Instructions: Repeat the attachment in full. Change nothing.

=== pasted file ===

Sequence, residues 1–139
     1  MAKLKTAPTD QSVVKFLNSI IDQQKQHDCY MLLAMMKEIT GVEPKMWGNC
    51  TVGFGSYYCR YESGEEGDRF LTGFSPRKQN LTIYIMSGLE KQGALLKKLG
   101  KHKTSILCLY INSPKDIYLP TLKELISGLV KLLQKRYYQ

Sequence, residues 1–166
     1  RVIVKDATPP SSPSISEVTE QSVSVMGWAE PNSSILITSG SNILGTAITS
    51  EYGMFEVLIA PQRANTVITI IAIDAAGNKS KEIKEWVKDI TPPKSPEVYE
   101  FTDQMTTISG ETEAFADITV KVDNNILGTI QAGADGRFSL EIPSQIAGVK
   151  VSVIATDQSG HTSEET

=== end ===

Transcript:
Sequence, residues 1–139
     1  MAKLKTAPTD QSVVKFLNSI IDQQKQHDCY MLLAMMKEIT GVEPKMWGNC
    51  TVGFGSYYCR YESGEEGDRF LTGFSPRKQN LTIYIMSGLE KQGALLKKLG
   101  KHKTSILCLY INSPKDIYLP TLKELISGLV KLLQKRYYQ

Sequence, residues 1–166
     1  RVIVKDATPP SSPSISEVTE QSVSVMGWAE PNSSILITSG SNILGTAITS
    51  EYGMFEVLIA PQRANTVITI IAIDAAGNKS KEIKEWVKDI TPPKSPEVYE
   101  FTDQMTTISG ETEAFADITV KVDNNILGTI QAGADGRFSL EIPSQIAGVK
   151  VSVIATDQSG HTSEET